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Old November 11th, 2004, 01:53 PM   #2116
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<<<-- Originally posted by Barend Onneweer : It's always good to dream (mechanical shutter, optical viewfinder etc.)
............. but with all these ideas about FPGA's and other solutions, there's nobody around here that can actually build a camera that way.-->>>

Those things i love so... ... Noboy? Will see...

<<<--On another note: an optical viewfinder needs a prism to split the beam of light in two beams. Thus only half the amount of light hits the CMOS.-->>>

Not at all. Think on mirrow-shutters. No light loss.
And you will also need some kind of (external) shutter for the altasens. Thats true.

Dont think i love optical viewfinder over all. No, i only say, its one thing that work.
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Old November 11th, 2004, 02:41 PM   #2117
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Last thing for today (no more spam :)) !

This document could be very interesting-there is a chapter inside "ATA Interface Dissection":
Since I wanted to interface a hard drive directly to the Internet,
speed and buffer storage were of significant importance.
source: http://www.timothyjordan.com/portfol...sis/netapp.pdf

...and is this chip similar to "FPGA"? http://www.st.com/stonline/books/ascii/docs/10350.htm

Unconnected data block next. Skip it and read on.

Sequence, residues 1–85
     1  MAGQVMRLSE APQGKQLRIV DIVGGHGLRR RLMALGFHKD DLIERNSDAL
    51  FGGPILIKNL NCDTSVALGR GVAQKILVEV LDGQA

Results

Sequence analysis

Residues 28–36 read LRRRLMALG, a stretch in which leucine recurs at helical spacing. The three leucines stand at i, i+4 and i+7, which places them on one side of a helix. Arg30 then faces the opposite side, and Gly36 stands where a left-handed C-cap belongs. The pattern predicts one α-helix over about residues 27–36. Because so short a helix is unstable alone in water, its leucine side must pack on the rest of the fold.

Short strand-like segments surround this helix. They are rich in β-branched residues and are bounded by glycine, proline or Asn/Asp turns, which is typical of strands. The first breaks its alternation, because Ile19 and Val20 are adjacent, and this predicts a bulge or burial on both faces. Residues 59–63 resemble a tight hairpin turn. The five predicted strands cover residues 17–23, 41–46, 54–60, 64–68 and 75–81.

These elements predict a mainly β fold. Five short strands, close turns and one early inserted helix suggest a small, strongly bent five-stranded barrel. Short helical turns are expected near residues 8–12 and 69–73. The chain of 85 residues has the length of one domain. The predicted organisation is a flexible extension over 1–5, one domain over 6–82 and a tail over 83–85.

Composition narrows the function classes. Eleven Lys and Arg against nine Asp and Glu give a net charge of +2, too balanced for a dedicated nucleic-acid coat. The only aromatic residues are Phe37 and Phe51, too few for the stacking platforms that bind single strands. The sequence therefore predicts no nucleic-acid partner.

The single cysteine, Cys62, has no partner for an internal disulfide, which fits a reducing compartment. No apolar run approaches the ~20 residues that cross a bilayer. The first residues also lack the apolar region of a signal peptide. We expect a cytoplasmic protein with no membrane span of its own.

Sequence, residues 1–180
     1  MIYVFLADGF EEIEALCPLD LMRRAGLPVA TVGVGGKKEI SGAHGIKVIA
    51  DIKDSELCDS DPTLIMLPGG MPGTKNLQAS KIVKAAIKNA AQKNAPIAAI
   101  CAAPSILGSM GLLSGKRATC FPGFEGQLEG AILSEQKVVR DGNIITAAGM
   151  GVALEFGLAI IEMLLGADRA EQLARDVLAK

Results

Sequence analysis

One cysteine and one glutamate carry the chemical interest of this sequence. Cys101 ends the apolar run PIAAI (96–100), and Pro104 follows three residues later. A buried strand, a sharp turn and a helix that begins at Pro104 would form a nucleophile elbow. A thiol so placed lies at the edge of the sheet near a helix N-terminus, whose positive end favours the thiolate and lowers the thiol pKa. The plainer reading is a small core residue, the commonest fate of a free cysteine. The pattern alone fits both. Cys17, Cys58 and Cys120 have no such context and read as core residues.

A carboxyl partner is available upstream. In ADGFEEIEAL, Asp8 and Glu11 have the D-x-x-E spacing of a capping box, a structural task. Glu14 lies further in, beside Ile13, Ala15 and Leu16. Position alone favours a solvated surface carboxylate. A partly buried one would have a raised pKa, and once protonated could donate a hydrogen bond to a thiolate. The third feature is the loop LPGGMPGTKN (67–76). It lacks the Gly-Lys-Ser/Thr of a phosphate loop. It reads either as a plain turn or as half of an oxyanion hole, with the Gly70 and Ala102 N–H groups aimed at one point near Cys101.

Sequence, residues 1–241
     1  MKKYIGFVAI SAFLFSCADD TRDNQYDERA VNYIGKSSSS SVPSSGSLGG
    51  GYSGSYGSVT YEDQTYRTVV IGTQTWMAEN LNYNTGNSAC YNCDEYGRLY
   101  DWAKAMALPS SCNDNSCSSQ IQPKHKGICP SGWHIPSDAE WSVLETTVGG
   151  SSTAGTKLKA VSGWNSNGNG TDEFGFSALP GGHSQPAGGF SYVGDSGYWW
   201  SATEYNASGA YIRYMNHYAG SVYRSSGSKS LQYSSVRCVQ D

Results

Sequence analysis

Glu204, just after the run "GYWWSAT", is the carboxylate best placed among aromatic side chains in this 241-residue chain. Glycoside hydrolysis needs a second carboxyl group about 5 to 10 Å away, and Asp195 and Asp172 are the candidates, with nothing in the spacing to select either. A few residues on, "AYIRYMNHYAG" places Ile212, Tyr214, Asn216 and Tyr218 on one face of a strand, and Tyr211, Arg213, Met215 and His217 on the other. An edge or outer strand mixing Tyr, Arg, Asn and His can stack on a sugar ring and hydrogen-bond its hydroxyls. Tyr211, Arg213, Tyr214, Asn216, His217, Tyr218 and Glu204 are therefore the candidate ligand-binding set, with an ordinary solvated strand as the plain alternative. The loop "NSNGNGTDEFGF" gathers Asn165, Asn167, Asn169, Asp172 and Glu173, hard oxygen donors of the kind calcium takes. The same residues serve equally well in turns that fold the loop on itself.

Best Regards

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Old November 11th, 2004, 02:53 PM   #2118
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<<<-- Originally posted by Ronald Biese : Hm
Vance has done this on his PAL cam
do google for Vance Cam -->>>

Vance has used an LCD shutter with a light loss of ~2+ stops. You can see the diagrams to sync the shutter with camera. It would be nice to drag him back into this forum.
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Old November 11th, 2004, 03:54 PM   #2119
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we can now capture 8bit 24fps with no dropped frames AND it looks like 10bit 24fps with NO dropped frames on pci 32!

FULL 1080p!!!!!

more to come later!
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Old November 11th, 2004, 04:11 PM   #2120
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@Marin: Yes, indeed, its what i said: The pdf show a simple example for "direct to disc" solutions. You need nothings between HDD and CPU. No controller, no extra parts, nothing.
But for HD Camera the MC RCM3200 in this shematics is to slow. It runs only at 44,2MHz. But you are on the way.
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Old November 11th, 2004, 06:37 PM   #2121
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OK as I said before, you can go to Opencores (or other) ask people there if anybody would like to be involved. You can ask in the opensource community too, but mainly programmers. I'm sure people would love to do this just for he fun of it. You can also ask on FPGA newsgroups (many pro's) who should also be able to tell you of pro mailing lists and web forums stack full of bored eager FPGA'ers. Opencores may have half the circuit designs you need (where ever they all work perfectly I don't know.

Whatever FPGA core that is created should be opensource so any manufacturer can use it but not own/control/pricing it. Steve has allready offered to use it. You will need to break the design down into theree parts, front end, so different sensor heads/manufacturers be used, processing middle end, and rear end so that different capture interfaces canbe used. With this stratergy new sensors and interfaces canbe supported, it also is not very difficult to do. lots of flexibility that stops us getting tied down.